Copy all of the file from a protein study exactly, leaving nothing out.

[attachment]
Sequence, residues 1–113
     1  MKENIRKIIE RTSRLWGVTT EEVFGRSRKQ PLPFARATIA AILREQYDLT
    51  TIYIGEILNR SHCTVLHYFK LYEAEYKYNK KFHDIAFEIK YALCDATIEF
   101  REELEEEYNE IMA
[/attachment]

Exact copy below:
Sequence, residues 1–113
     1  MKENIRKIIE RTSRLWGVTT EEVFGRSRKQ PLPFARATIA AILREQYDLT
    51  TIYIGEILNR SHCTVLHYFK LYEAEYKYNK KFHDIAFEIK YALCDATIEF
   101  REELEEEYNE IMA